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The Fine Art Of Procrastination: How To Nip It In The Bud

Sophia Gardner

Oct 22, 2019

Do you put the ‘PRO’ into procrastination? We all procrastinate sometimes, but when it starts to affect your study and cause pre-exam stress because you haven’t done anything in the month or week leading up, it becomes a problem.

One of the biggest challenges with getting study done is not being able to see the light at the end of the tunnel.  

“Human motivation is highly influenced by how imminent the reward is perceived to be – meaning, the further away the reward is, the most you discount its value.”
- ASAP Science.

So unless it’s the night before the exam and you know you will be getting your mark the next day, you might find yourself easily distracted from the work at hand.

However, there are some simple tips and tricks that will help you stay focused and beat this nasty foe once and for all.

Acknowledge your procrastination

The first step to beating procrastination is recognising you’re doing it. If you’re honest with yourself, you will know when you’re procrastinating.

Be mindful and know what you’re doing when you procrastinate. Don’t get stuck in a time warp of watching kitten videos on YouTube.  Being aware of what you're doing will help you acknowledge the fact you are procrastinating and allow you to refocus, improve your productivity and get on with the important stuff.


The Pomodoro Technique

The Pomodoro Technique aims to provide students with maximum focus and creative freshness, which allows them to complete projects faster with less mental fatigue.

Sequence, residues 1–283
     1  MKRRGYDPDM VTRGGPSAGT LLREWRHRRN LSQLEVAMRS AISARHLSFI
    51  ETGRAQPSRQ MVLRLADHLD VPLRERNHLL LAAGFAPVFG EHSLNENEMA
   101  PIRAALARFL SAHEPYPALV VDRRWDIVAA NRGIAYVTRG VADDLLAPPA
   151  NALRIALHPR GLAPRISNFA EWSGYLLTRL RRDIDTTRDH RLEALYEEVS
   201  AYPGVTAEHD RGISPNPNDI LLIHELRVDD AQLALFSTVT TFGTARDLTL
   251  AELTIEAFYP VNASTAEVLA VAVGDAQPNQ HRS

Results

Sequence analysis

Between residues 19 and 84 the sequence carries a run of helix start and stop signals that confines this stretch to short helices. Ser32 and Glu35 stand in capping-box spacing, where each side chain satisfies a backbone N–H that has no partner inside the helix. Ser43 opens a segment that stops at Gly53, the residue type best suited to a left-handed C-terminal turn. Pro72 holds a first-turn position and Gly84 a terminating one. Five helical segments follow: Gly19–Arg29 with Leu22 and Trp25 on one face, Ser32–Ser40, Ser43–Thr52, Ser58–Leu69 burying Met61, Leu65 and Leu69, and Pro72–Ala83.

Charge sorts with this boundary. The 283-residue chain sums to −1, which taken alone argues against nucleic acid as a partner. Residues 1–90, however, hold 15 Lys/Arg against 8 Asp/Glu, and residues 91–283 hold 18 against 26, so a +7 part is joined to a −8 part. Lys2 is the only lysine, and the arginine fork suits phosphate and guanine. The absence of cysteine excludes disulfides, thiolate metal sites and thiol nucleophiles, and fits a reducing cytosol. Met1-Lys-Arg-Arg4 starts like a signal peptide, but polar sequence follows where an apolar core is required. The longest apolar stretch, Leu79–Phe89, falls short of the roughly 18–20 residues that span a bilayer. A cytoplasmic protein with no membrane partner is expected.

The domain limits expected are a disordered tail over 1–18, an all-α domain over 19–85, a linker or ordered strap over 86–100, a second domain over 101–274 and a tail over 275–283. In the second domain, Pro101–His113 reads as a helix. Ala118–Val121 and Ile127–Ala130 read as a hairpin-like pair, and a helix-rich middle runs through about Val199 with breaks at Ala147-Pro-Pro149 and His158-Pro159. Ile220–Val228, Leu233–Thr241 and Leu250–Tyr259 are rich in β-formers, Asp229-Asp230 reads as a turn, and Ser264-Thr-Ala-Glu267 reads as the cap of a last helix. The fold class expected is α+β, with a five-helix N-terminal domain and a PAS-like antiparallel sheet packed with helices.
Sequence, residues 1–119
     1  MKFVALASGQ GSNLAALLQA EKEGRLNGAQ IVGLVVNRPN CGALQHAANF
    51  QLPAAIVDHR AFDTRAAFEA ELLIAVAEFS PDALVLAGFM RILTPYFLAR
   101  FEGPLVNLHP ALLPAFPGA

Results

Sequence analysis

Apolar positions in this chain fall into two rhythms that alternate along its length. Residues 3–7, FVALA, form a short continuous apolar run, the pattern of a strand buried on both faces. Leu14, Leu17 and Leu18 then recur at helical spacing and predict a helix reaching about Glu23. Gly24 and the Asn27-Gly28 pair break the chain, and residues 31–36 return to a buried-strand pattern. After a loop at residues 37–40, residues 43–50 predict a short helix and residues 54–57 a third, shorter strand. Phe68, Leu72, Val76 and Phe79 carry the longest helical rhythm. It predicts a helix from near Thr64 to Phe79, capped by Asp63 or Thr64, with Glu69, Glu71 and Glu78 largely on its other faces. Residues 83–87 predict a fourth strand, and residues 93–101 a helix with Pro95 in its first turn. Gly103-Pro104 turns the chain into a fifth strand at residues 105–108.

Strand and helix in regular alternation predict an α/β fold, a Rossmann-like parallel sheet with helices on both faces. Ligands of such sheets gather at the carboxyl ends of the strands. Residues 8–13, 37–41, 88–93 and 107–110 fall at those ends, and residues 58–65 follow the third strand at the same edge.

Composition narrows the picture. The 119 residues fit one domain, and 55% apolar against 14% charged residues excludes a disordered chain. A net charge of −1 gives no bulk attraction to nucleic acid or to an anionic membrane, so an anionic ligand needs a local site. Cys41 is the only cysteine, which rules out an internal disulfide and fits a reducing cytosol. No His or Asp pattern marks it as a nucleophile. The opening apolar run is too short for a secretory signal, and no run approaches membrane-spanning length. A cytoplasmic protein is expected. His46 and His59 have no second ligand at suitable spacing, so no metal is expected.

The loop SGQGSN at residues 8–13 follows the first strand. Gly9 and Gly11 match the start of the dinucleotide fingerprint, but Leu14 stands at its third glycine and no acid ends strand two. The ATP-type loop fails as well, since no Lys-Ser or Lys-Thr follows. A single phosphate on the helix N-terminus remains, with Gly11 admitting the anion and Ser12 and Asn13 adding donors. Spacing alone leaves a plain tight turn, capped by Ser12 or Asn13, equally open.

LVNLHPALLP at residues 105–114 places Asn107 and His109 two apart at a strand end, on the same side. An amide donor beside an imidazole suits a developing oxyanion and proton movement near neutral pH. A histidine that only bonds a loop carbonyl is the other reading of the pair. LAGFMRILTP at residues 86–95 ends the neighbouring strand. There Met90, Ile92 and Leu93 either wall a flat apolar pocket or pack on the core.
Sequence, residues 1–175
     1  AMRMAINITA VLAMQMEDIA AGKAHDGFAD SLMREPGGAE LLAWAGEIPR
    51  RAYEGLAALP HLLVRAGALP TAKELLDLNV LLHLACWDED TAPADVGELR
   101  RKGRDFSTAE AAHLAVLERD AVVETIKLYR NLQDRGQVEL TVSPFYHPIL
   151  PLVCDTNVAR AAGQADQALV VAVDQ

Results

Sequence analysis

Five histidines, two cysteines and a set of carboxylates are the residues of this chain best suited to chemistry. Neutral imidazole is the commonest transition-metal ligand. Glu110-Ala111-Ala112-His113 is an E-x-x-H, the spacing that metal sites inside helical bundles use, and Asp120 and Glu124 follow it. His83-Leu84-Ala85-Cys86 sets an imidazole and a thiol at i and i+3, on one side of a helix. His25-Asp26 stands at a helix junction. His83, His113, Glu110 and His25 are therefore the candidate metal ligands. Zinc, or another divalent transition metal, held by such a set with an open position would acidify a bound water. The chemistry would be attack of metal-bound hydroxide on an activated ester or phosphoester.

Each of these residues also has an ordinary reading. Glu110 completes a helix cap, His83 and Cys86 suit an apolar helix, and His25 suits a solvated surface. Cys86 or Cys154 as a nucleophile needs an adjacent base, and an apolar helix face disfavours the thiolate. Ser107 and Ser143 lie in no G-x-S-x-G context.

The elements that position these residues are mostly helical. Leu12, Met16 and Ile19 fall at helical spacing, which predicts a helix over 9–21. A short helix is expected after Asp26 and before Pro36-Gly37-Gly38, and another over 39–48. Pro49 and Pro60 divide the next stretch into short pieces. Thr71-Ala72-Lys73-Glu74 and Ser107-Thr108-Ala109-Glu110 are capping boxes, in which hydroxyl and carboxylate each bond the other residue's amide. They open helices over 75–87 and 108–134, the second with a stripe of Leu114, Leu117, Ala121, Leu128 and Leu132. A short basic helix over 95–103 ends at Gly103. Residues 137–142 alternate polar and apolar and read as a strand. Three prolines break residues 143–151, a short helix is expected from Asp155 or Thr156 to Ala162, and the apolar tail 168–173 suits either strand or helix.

The ways it works is that you set yourself increments of time, and take breaks periodically. To start with, work for 25 minutes straight, then give yourself a 5-minute break. Then start the clock again. After four 25 minute increments have passed, give yourself a longer 15 – 20 minute break and treat yourself to something nice – a cup of tea, a walk outside in the sunshine, a game with your dog.

Keep track of the work you’ve done by writing down the subject you are working on, and putting an x next to that subject, every time you have completed a 25-minute set. That way you can see where your time has gone – a rather satisfying feeling and one that a procrastinator may not be familiar with!

This technique is really easy to practice and can be started at any time, so give it a go and see if it works for you.


Positive thinking does help!

Often with procrastination comes negative thinking, and you may not even realise it is happening.

Rather than thinking “I don’t want to do this, time is going so slowly, I hate this subject” try thinking positive thoughts, such as:

“I’m learning something useful.”

“I enjoy being productive.”

“My future self will thank me for this.”

The power of changing your thought patterns will not only help you focus, but also put you in a much more positive frame of mind.


Goals and lists

The power of being motivated by your goals will take you a long way, and help you avoid being distracted by meaningless activities.

Write a list of goals you want to achieve. Setting yourself goals and dedicating yourself to achieving them will help you stay motivated and help you achieve the results you want this.  Set realistic goals that state exactly what you want to achieve. Be specific and acknowledge the effort required to achieve that goal.

For example, you might say your goal is to achieve better marks in English this term, and the way you're going to achieve this goal is by increasing your study in English and seeking help from a teacher or tutor once a week.

Write your goals down and stick them above your desk, or somewhere you will see every day, as a reminder of what you’re aiming for.

With these simple tips, there will be no more excuses for procrastination in your household. Good luck, may the focus be with you!

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